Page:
Group 2 includes anyone 65 years of age and older. There is no requirement that a person have conditions that make them more at risk for complications from COVID-19. The reason for giving people 65 and older high priority for vaccination without regard to occupation or living situation is that they are statistically at high risk of being hospitalized with or dying from COVID-19. Public employers will likely have very few employees who are in Group 2.

Only Groups 1 and 2 are active and eligible for vaccination as of the date this post has been revised.

Group 3 is comprised of frontline essential workers. Frontline essential workers are those who must work on-site at the employer’s premises (or out in the community) and who work in one of eight essential sectors, which include Government and Community Services, Public Safety, Transportation, Health Care and Public Health (to the extent not covered by Group 1) and Education. In its Deeper Dive Fact Sheet for Group 3, NC DHHS identifies frontline essential sectors and workers as those designated as essential by the U.S. Department of Homeland Security’s Cybersecurity and Infrastructure Security Agency (CISA). See pages 7 – 23 of the CISA Guidance on the Essential Critical Infrastructure Workforce, Version 4. Public employee essential workers who are eligible to be vaccinated in Group 3 potentially include:

  • all public safety workers & support staff;
  • all human services workers & support staff;
  • all utilities staff;
  • county engineers;
  • water and wastewater staff;
  • transit workers and dispatchers;
  • all public works staff;
  • all IT staff;
  • facilities staff;
  • mechanics;
  • registers of deeds and employees;
  • finance department staff;
  • planning, zoning and permitting inspectors;
  • purchasing and procurement employees;
  • jail and corrections staff; and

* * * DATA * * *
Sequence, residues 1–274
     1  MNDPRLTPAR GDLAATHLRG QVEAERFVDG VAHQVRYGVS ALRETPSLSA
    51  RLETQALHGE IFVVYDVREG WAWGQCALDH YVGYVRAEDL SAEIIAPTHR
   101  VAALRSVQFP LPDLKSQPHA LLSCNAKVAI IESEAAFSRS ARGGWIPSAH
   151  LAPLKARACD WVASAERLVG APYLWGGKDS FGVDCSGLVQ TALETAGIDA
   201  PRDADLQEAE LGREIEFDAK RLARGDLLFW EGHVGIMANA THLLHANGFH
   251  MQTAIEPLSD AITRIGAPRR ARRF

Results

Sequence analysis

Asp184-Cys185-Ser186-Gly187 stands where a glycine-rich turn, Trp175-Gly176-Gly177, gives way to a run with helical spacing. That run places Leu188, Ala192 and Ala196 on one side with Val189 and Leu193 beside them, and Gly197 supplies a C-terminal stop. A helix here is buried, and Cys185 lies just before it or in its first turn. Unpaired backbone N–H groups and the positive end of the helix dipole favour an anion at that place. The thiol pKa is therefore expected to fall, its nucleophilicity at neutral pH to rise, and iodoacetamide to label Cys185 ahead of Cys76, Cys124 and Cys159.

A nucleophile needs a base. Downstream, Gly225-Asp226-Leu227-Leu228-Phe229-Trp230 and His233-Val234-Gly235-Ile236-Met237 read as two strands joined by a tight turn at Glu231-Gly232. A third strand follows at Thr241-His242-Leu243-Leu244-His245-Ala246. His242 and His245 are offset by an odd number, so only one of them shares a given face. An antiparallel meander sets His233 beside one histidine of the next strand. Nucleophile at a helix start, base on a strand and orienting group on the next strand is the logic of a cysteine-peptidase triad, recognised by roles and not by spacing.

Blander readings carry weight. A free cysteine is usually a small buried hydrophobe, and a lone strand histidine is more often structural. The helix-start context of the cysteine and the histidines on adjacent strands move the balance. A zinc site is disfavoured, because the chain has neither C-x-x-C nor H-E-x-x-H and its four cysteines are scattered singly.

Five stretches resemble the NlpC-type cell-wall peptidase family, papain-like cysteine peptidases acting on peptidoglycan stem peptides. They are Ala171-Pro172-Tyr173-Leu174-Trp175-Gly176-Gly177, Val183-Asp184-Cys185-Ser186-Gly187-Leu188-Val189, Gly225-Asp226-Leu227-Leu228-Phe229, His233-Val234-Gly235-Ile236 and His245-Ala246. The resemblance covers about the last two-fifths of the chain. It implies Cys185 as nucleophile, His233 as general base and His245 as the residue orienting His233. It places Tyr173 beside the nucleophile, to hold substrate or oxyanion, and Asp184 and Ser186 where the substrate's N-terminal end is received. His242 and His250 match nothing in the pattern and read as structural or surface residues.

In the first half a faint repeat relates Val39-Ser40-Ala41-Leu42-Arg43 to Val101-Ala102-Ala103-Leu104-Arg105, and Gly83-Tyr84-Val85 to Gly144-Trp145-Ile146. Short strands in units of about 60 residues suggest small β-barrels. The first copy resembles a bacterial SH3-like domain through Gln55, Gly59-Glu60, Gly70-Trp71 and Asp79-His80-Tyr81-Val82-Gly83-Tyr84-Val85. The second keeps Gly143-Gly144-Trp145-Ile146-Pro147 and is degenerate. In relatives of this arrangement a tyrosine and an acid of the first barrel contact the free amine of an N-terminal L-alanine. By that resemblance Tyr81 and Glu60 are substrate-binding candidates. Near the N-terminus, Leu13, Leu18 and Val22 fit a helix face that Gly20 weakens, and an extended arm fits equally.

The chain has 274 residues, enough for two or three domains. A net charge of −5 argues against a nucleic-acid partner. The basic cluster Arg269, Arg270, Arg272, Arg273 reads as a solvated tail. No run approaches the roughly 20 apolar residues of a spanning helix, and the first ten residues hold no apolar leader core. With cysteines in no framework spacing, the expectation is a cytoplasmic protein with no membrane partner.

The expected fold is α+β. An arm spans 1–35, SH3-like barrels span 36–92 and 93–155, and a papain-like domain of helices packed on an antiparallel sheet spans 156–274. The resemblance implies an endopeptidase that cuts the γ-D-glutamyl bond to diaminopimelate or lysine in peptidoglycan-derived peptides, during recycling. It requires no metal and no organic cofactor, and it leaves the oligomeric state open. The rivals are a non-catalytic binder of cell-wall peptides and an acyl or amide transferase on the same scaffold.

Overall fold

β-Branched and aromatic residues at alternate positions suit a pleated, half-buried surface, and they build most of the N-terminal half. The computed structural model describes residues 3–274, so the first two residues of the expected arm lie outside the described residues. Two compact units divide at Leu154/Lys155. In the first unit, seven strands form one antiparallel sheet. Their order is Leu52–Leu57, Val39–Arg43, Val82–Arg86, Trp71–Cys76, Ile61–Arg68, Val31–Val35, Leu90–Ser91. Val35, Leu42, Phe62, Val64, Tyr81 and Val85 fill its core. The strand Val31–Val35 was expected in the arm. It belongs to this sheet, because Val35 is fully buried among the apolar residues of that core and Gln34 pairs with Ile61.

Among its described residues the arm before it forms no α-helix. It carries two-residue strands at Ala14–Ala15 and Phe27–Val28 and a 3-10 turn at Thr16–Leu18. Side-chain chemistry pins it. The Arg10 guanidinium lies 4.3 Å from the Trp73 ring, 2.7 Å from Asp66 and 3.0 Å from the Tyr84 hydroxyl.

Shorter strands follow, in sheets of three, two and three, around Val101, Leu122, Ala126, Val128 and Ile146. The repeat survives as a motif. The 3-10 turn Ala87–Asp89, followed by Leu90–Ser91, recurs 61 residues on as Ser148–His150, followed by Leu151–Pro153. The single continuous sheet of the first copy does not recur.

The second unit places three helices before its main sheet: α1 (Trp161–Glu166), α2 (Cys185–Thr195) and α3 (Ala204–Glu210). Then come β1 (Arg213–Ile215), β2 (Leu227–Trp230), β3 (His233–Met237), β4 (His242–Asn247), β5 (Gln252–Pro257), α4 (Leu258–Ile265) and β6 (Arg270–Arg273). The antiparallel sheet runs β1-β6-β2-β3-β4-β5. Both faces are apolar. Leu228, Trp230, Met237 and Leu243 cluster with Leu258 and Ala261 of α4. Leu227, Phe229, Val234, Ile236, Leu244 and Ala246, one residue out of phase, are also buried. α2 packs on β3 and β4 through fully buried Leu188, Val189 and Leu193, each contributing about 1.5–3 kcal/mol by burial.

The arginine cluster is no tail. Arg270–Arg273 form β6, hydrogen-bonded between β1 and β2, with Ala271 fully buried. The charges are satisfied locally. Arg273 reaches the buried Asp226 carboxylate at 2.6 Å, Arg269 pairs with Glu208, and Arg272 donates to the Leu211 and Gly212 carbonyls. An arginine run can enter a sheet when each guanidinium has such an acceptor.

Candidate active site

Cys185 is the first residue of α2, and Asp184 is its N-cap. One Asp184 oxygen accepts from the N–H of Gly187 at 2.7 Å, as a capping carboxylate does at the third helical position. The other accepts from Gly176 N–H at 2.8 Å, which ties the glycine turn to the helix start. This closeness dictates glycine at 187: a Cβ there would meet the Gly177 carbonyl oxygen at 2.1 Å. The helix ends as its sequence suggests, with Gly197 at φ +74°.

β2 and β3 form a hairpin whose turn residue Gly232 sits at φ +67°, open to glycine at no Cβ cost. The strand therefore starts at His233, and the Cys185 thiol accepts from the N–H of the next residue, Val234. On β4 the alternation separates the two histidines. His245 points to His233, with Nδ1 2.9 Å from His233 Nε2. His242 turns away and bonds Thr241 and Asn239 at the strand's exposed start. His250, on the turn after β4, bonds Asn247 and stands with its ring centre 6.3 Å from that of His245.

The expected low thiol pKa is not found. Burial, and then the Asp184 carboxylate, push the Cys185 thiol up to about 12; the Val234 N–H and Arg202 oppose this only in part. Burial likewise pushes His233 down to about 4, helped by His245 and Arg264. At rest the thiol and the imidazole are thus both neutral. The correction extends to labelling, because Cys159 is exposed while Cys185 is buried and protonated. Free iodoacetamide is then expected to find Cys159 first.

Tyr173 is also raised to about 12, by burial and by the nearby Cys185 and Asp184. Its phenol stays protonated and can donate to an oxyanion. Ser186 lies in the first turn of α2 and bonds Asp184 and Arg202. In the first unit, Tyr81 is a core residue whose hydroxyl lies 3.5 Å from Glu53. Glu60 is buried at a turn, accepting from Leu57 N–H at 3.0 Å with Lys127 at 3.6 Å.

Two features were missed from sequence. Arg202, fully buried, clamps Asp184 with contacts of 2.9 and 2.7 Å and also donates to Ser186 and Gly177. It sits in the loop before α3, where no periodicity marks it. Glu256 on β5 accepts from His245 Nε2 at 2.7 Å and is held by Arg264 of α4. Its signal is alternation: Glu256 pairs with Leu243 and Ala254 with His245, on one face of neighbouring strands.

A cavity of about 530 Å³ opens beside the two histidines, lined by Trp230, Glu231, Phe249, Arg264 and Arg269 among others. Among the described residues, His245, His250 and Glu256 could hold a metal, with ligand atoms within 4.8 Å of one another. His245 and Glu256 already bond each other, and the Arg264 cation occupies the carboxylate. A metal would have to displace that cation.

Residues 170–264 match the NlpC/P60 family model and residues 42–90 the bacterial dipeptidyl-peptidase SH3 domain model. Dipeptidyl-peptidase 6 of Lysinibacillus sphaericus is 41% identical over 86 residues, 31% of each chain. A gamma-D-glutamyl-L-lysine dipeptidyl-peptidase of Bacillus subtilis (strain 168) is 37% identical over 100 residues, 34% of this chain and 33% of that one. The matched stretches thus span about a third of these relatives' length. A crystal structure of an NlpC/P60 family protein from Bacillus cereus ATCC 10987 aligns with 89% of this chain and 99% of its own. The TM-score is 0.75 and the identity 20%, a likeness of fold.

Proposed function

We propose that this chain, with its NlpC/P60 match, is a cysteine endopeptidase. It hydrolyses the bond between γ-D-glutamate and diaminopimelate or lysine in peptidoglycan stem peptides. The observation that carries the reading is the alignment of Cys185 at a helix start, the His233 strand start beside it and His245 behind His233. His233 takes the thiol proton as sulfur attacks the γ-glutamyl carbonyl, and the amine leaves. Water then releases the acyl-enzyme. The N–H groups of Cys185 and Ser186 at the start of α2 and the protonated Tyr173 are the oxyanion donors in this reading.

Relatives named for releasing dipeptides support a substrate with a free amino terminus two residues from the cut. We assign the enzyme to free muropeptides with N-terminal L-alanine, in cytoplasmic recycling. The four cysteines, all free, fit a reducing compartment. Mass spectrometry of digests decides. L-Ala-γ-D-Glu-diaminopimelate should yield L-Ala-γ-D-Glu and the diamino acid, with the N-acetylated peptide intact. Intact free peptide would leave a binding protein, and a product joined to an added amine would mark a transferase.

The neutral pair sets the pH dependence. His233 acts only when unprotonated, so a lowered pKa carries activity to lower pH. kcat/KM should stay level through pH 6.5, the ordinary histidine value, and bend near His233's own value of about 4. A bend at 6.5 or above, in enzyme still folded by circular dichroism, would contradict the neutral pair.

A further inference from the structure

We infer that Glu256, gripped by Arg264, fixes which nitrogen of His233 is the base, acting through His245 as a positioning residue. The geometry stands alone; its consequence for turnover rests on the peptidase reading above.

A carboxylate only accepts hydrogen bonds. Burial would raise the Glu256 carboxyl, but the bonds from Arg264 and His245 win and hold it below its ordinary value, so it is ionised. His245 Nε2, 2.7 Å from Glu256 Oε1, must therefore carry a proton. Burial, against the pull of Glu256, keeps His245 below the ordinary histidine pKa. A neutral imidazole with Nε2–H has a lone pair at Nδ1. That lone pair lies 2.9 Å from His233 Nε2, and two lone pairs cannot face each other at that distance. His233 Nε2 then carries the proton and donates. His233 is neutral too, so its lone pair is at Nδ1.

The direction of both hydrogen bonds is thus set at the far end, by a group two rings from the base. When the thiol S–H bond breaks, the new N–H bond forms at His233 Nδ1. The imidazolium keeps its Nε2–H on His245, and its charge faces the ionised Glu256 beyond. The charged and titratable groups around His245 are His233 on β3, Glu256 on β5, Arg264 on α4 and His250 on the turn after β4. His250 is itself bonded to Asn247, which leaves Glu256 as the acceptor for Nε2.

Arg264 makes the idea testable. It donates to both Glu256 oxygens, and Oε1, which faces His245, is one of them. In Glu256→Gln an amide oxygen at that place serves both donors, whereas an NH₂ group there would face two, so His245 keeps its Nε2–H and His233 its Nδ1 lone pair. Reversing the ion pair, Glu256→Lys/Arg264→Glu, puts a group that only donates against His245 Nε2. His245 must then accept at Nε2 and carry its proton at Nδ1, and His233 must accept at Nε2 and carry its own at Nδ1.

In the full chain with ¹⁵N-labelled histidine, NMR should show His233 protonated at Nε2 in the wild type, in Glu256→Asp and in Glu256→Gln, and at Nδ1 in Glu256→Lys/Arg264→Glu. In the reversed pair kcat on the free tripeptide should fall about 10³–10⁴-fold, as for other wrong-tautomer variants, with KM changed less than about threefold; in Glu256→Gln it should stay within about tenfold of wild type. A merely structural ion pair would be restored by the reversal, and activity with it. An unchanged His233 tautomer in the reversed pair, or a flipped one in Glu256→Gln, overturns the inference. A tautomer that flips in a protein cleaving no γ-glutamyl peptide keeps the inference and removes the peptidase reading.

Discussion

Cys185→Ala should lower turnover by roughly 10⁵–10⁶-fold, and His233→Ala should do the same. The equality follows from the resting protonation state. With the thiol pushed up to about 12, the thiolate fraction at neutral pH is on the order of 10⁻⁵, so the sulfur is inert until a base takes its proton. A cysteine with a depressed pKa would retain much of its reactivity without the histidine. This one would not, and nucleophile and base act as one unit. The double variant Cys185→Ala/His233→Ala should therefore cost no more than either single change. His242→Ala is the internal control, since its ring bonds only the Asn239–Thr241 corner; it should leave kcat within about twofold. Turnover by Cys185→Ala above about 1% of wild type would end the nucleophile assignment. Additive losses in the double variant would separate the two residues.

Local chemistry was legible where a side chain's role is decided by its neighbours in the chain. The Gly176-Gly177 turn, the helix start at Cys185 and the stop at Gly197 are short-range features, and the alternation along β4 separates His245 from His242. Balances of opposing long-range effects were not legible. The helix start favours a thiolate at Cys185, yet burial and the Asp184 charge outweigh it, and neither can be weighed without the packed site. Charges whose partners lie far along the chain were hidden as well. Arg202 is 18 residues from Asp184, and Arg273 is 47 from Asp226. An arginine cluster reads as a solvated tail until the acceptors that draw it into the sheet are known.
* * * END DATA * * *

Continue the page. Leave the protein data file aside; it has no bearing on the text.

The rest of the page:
• those working in the court system.

Public employers must remember, however, that mere employment in one of these sectors does not automatically make an employee eligible for vaccination in Group 3. To be eligible for vaccination in Group 3, a public employee in one of the fields listed above must be required to work on-site. Employees working remotely are not part of Group 3.

Group 4 will expand the pool of those eligible for vaccination to include all adults at high risk of exposure and at increased risk of severe illness from COVID-19. Group 4 includes anyone 16-64 years old with high-risk medical conditions such as cancer, chronic kidney disease, COPD, being immunosuppressed from an organ transplant, obesity, serious heart condition, sickle cell disease and type 2 diabetes, among others. NC DHHS also includes in Group 4 other essential workers who have not yet been vaccinated and says that CDC lists employees in water and wastewater systems, information technology, public works and traffic engineers and public health workers not vaccinated earlier in this group. Since all of these fields of work are included in the CISA definition of essential workers – who would be eligible for vaccination in Group 3, if they work on-site – it isn’t clear why they are listed here, unless it is by way of example of essential workers who may have fallen through the cracks and not been vaccinated in Group 3.

Phase 5 covers everyone else.

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Topics - Local and State Government